You can search the entire site. or go to the recent opinions, or the chronological or subject indices. Nichols v. State Farm Fire and Casualty Company (8/11/00) sp-5304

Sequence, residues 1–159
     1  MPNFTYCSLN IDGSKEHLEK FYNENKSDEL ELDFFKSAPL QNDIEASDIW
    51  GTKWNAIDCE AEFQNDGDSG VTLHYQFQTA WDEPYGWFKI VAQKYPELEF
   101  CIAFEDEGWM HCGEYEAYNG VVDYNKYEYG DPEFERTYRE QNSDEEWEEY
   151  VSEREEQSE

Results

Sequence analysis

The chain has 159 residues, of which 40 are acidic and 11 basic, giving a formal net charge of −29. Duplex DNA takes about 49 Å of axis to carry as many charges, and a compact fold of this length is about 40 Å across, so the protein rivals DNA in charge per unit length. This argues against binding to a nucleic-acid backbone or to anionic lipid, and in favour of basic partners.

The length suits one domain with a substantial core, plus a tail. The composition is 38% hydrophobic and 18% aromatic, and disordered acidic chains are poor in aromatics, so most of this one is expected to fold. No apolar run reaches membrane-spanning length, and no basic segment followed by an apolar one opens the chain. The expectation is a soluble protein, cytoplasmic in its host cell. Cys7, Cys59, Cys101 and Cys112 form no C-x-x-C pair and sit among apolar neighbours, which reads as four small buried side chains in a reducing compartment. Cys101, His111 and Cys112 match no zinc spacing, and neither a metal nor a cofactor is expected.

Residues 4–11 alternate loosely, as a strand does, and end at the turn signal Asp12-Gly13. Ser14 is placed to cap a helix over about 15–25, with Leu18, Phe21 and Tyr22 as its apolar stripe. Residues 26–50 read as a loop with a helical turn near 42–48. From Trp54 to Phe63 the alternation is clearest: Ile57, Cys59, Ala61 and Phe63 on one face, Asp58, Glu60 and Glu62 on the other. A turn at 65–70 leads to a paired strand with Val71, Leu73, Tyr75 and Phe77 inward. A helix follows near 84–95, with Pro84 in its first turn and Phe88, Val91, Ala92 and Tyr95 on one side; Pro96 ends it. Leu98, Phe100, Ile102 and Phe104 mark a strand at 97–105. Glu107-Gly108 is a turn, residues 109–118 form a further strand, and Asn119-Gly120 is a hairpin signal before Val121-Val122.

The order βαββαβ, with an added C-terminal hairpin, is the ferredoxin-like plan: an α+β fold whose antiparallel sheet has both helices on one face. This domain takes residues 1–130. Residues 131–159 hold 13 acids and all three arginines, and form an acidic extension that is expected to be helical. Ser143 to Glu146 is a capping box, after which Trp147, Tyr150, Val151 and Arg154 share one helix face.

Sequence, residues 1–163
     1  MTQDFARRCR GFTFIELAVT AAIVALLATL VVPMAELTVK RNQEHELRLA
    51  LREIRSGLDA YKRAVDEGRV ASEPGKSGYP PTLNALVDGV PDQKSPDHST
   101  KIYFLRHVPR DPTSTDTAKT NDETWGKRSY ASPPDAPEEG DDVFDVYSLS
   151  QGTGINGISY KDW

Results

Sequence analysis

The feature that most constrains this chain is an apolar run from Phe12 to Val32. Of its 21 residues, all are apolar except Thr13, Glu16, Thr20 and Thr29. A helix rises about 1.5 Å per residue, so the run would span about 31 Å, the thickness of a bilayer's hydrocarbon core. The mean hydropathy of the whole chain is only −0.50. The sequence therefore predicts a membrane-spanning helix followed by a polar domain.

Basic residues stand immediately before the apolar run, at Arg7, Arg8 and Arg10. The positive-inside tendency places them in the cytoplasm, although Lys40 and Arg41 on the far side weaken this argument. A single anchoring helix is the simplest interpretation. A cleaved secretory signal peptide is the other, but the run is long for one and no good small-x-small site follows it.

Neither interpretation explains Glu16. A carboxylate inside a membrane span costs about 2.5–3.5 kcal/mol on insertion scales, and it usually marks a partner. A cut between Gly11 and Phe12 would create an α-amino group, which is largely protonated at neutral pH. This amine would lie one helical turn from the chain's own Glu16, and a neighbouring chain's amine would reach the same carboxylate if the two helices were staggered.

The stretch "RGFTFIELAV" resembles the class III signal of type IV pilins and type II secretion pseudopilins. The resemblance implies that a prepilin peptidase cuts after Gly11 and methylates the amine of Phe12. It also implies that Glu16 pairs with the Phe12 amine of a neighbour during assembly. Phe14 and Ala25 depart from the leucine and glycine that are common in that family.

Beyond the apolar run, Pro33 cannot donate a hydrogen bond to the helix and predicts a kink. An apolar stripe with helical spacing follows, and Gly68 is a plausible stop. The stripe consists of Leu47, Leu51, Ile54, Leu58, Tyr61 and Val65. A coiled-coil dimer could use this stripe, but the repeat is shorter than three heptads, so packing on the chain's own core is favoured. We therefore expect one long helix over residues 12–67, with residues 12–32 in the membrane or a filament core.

Notice: This opinion is subject to correction before publication in the Pacific Reporter. Readers are requested to bring errors to the attention of the Clerk of the Appellate Courts, 303 K Street, Anchorage, Alaska 99501, phone (907) 264-0608, fax (907) 264-0878. THE SUPREME COURT OF THE STATE OF ALASKA DALLAS E. NICHOLS, ) ) Supreme Court No. S-8969 Appellant, ) ) Superior Court No. v. ) 3AN-97-6430 CI ) STATE FARM FIRE AND ) O P I N I O N CASUALTY COMPANY, ) ) Appellee. ) [No. 5304 - August 11, 2000] ______________________________) Appeal from the Superior Court of the State of Alaska, Third Judicial District, Anchorage, John Reese, Judge. Appearances: Donna C. Willard, Law Offices of Donna C. Willard, Anchorage, for Appellant. Rod R. Sisson, Sisson & Knutson, P.C., Anchorage, for Appellee. Before: Matthews, Chief Justice, Eastaugh, Fabe, Bryner, and Carpeneti, Justices. MATTHEWS, Chief Justice. I. INTRODUCTION Dallas Nichols sued his neighbor's insurance company for intentional and negligent spoliation based on the insurance company's failure to secure critical evidence in Nichols's case against the neighbor. The superior court granted summary judgment to the insurance company, and Nichols appealed. We affirm. II. FACTS AND PROCEEDINGS A. Facts On September 1, 1996, Dallas Nichols was assisting his neighbor, Richard Gittlein, with roof repairs when the ladder Nichols was standing on collapsed beneath him. Nichols fell eight or nine feet, tearing a rotator cuff. It is uncontested that the ladder was "old," "beat-up" and "had a lot of cracks in it." Gittlein left the broken ladder under the deck of his house. Two months later, on December 5, 1996, a fire heavily damaged Gittlein's house. Nichols claims that the ladder was not destroyed in the fire. [Fn. 1] Shortly after the fire, on December 18, 1996, Nichols filed a claim with Gittlein's insurance company, State Farm, for his injuries suffered in the ladder accident. The claim was assigned to State Farm agent Janet Sperbeck. She contacted Gittlein on December 20th, who reported that he was not sure if he still had the ladder and that it may have been destroyed in the fire. On January 2, 1997, Sperbeck met with Nichols for the first time. He told her that the ladder was still in existence on the property and that it should be preserved. Sperbeck went to Gittlein's premises on January 2, hoping to find him and ask about the ladder. When she arrived, she discovered that the house had been destroyed and all that was left was a shed. Sperbeck left without finding Gittlein or the ladder. After this visit, Sperbeck wrote to Gittlein, asking whether he had found the ladder. She called him twice, without reaching him. But she did not contact the State Farm agent who was handling Gittlein's fire claim and who was in communication with Gittlein. On January 15 Sperbeck called Nichols and spoke with Nichols's wife, Judy. Judy expressed concern that, if Sperbeck failed to collect the ladder, it would soon be too late. Sperbeck traveled to the premises on that date but did not find Gittlein there. On January 27 Gittlein made contact with Sperbeck. He told her that he could not find the ladder and that it must have been thrown out with the fire debris. Subsequently, in July 1997, State Farm wrote Nichols stating that its liability analysis was complete and that Gittlein was not negligent. State Farm therefore declined to make any payments under the liability coverage of its policy. B. Proceedings On August 6, 1997, Nichols filed suit against Gittlein and State Farm. Nichols alleged that Gittlein was liable for negligently providing a ladder for use by Nichols that Gittlein knew or should have known was defective and unsafe for use. Nichols also alleged that Gittlein and State Farm "acted negligently, intentionally or recklessly in failing to preserve the ladder." These claims for intentional and negligent spoliation were the only claims alleged against State Farm. After some discovery was conducted, State Farm moved for summary judgment. Initially, its motion was based on an assertion that the ladder was destroyed in the December 5 fire, which occurred before State Farm had any notice of a possible claim by Nichols. Nichols pointed out that his sworn answer to an interrogatory attested to the existence of the ladder after the fire and that there was a genuine issue of material fact on this point. State Farm then expanded the grounds for its motion. Filing a new affidavit from Janet Sperbeck detailing her activities in the case, State Farm argued that Sperbeck committed no acts of spoliation and that, as State Farm's agent, she had fulfilled State Farm's duty concerning the ladder. After additional discovery, Nichols filed a supplemental opposition to State Farm's summary judgment motion. Nichols opposed the motion on two grounds: (1) that it was not ripe because of the pendency of Nichols's motion to compel various documents relating to State Farm's investigation of the case; and (2) that the ladder was not destroyed in the fire and that "State Farm had one full month to locate and preserve the ladder but it made no attempt to do so." State Farm filed a supplemental reply in support of its motion for summary judgment. In it, State Farm noted that Nichols's claim had "apparently, evolved into a claim that State Farm negligently failed to locate the ladder, as opposed to a claim that it spoliated the ladder." It argued that this is essentially a claim for negligent investigation and that an insurer owes no duty of reasonable investigation to a claimant. State Farm cited O.K. Lumber Co. v. Providence Washington Insurance Co. [Fn. 2] for this proposition and sought summary judgment on this basis. State Farm also argued that Alaska does not recognize negligent spoliation as a separate tort and that there was no evidence that State Farm had intentionally spoliated the ladder. The superior court granted summary judgment to State Farm. In relevant part, the superior court wrote: State Farm owed no duty to Nichols to locate or preserve the ladder. Without a duty, a negligence claim is barred. In O.K. Lumber v. Providence Washington Ins. an injured claimant claimed damages against the insurer for the insurer's negligent investigation and adjustment of the claim. 759 P.2d 523 (Alaska 1988). O.K. Lumber held that an insurer owes no such duty to the claimant. Id. In the same manner, State Farm owes no duty to Nichols. A week after the superior court granted summary judgment to State Farm, the court granted Nichols's motion to compel against State Farm. The court ordered State Farm to produce Nichols's claim file, Gittlein's fire claim file, and the entire underwriting file. State Farm did not respond to the order. Instead, Gittlein produced all of the requested documents with the exception of Nichols's file. Gittlein redacted portions of the file that related to the insurance adjuster's assessment of Gittlein's liability and Nichols's comparative liability. He then moved for a protective order to preserve those redactions. On December 7, 1998, the superior court entered final judgment for State Farm and awarded State Farm twenty percent of its attorney fees, for a total of $4,000, under Civil Rule 82(b)(2). [Fn. 3] After the entry of final judgment, on December 23, 1998, the superior court reviewed Gittlein's redactions in camera. The court granted Gittlein's motion for a protective order and held that the redacted portions were "irrelevant and prejudicial." Nichols appeals the grant of summary judgment, the issuance of the protective order, and the award of attorney's fees. III. STANDARD OF REVIEW We review a grant of summary judgment de novo. [Fn. 4] Drawing all reasonable inferences in favor of the nonmoving party, we will uphold summary judgment if no genuine issue of material fact exists and the moving party is entitled to judgment as a matter of law. [Fn. 5] We review discovery rulings for abuse of discretion. [Fn. 6] "We will find an abuse of discretion when we are left with a definite and firm conviction after reviewing the whole record that the trial court erred in its ruling." [Fn. 7] Attorney's fee awards are similarly reviewed for abuse of discretion. [Fn. 8] We will reverse an award of attorney's fees only if the award is "arbitrary, capricious, manifestly unreasonable, or stems from improper motive." [Fn. 9] IV. DISCUSSION A. Spoliation In Hazen v. Municipality of Anchorage [Fn. 10] we recognized that acts of intentional spoliation of evidence can give rise to independent tort claims for intentional interference with a prospective civil action. In Hazen, one of the alleged spoliators, Bailey, was not a party to the original tort lawsuit against the Municipality of Anchorage. [Fn. 11] Hazen permitted an intentional spoliation tort claim to be maintained against Bailey and against the Municipality. It therefore recognized that intentional spoliation claims can be made against parties to the original action (called "first-party spoliators") and non-parties to the original action (called "third-party spoliators"). We have not recognized an independent tort for negligent spoliation of evidence. In Sweet v. Sisters of Providence in Washington [Fn. 12] we were presented with a first-party negligent spoliation claim. The plaintiffs alleged that a hospital had negligently lost medical records that were critical to plaintiffs' medical malpractice claim against the hospital and others. [Fn. 13] We held that the jury should be instructed that the loss of the medical records raises a rebuttable presumption of negligence on the part of the hospital. [Fn. 14] This shifts the burden of proof to the hospital to prove that it was not negligent. [Fn. 15] We noted that the court should first determine whether the missing evidence "sufficiently hinders plaintiff's ability to proceed." [Fn. 16] If the spoliated evidence is important enough to meet this standard then the rebuttable presumption/burden-shifting remedy can be applied. We concluded in Sweet that the burden-shifting remedy was a sufficient response to the problem of missing evidence under the circumstances presented. [Fn. 17] We did not decide whether negligent spoliation could ever form the basis for an independent suit and implicitly recognized that in cases of third-party spoliation the burden-shifting remedy might not be effective: "We need not decide in this case whether the recognition of a separate tort of negligent destruction of evidence would ever be appropriate, for example, against a third party not associated with the underlying lawsuit." [Fn. 18] 1. Nichols's claim for negligent spoliation cannot be maintained separately against State Farm. Nichols ignores an important aspect of his claim for negligent spoliation by failing to focus on whether it is a claim of first-party or third-party spoliation. State Farm argues that this is a first-party claim. [Fn. 19] We agree. State Farm is not, to use the language of Sweet, a "third party not associated with the underlying lawsuit." [Fn. 20] Instead, State Farm has assumed Gittlein's defense. We see no reason why the Sweet remedy would not be a sufficient response to negligent spoliation of the ladder, whether by Gittlein or State Farm, assuming the ladder's disappearance was found to be a sufficient hindrance to the prosecution of Nichols's claim. If the absence of the ladder were found not to be a sufficient hindrance, then no tort remedy would be needed. Thus here, as in Sweet, we conclude that a separate tort remedy for negligent spoliation may not be maintained. For this reason, we uphold summary judgment dismissing the negligent spoliation claim against State Farm. In reaching this conclusion, we do not reach the issue as to whether Gittlein, and State Farm as Gittlein's agent, had an obligation -- potentially enforceable with a Sweet remedy -- to preserve the ladder once Nichols's claim was known. We view the question before us as whether a separate claim for negligent spoliation can be maintained against State Farm. That question we answer in the negative based on Sweet. Further questions as to what a defendant should do with respect to important evidence in the defendant's possession or control once a claim is asserted are beyond the scope of this appeal. 2. State Farm was entitled to summary judgment of the claims of reckless or intentional spoliation. Nichols has also pled intentional and reckless spoliation. But Nichols offers no evidence to support this allegation. In fact, at his deposition he was asked what facts would indicate that State Farm acted negligently, intentionally, or recklessly in failing to preserve the ladder. He admitted he knew of none and opined only that State Farm acted negligently. Accordingly, we conclude that Nichols's claims based on intentional or reckless conduct were properly dismissed. B. Nichols's Appeal of the Protective Order Is Untimely. Nichols argues that the trial court should have required State Farm to obey the October motion to compel. But this issue is now moot because State Farm is no longer a party to the case and the materials requested would not have undercut State Farm's entitlement to summary judgment. Nichols also argues that the trial court should not have granted the protective order. But this point is not properly part of this appeal. The protective order was granted to Gittlein, not State Farm. Gittlein is not a party to this appeal. Nor has there been any final judgment in Nichols's case against Gittlein. Therefore, we decline to rule on the trial court's granting of the protective order. C. The Trial Court Did Not Err in Its Award of Attorney's Fees. Under Civil Rule 82(b) a trial court is obligated to award the prevailing party in a suit resolved before trial twenty percent of its actual attorney's fees. If the trial court deviates from this formula, it must provide a written explanation for doing so. [Fn. 21] Here, the trial court's award was consistent with Rule 82(b)(2) and was supported by numerous affidavits and billing records. Nichols appeals the award, claiming that State Farm's billing was excessive and that the trial court should have given reasons for its finding that the billing was not excessive. But the trial court is under no obligation to give reasons for an award that complies with the percentages expressed in Rule 82(b)(2). We will reverse an award of attorney's fees only if the award is "arbitrary, capricious, manifestly unreasonable, or stems from improper motive." [Fn. 22] Nichols has not made a sufficient showing to support reversal under this standard. V. CONCLUSION AFFIRMED. FOOTNOTES Footnote 1: This is contested, as Gittlein claims that the ladder was destroyed in the fire. Footnote 2: 759 P.2d 523 (Alaska 1988). Footnote 3: The court found that there was no just reason to delay entry of a final judgment and expressly directed entry of judgment as allowed by Civil Rule 54(b) in cases where a judgment does not apply to all claims or parties. Footnote 4: See Arctic Tug & Barge, Inc. v. Raleigh, Schwarz & Powell, 956 P.2d 1199, 1200 (Alaska 1998). Footnote 5: See Shade v. Co & Anglos Alaska Serv. Corp., 901 P.2d 434, 437 (Alaska 1995). Footnote 6: See Christensen v. NCH Corp., 956 P.2d 468, 473 (Alaska 1998). Footnote 7: Id. Footnote 8: See Jones v. Jones, 925 P.2d 1339, 1340 (Alaska 1996). Footnote 9: Id. (quoting Zimin v. Zimin, 837 P.2d 113, 124 (Alaska 1992)). Footnote 10: 718 P.2d 456, 463 (Alaska 1986). Footnote 11: See id. at 459. Footnote 12: 895 P.2d 484 (Alaska 1995). Footnote 13: See id. at 487. Footnote 14: See id. at 491-92. Footnote 15: See id. at 492. Footnote 16: Id. at 491 (citation omitted). Footnote 17: See id. Footnote 18: Id. Footnote 19: State Farm argues: There is no reason why burden shifting should not be applied where the evidence is lost or destroyed by the investigator (insurance agent, lawyer, paralegal, forensic expert, etc.) of a party as opposed to being lost or destroyed by the party himself. If a plaintiff's lawyer loses or destroys evidence, burden shifting can be applied to the plaintiff and there is no need to create a cause of action allowing defendants to sue plaintiff's lawyer. The same can be said when the tables are turned and evidence is destroyed or lost by a defendant's insurance adjuster. Footnote 20: Sweet, 895 P.2d at 493. Footnote 21: See Alaska R. Civ. P. 82(b)(3) ("If the court varies an award, the court shall explain the reasons for the variation."). Footnote 22: Jones v. Jones, 925 P.2d 1339, 1340 (Alaska 1996) (quoting Zimin v. Zimin, 837 P.2d 118, 124 (Alaska 1992)).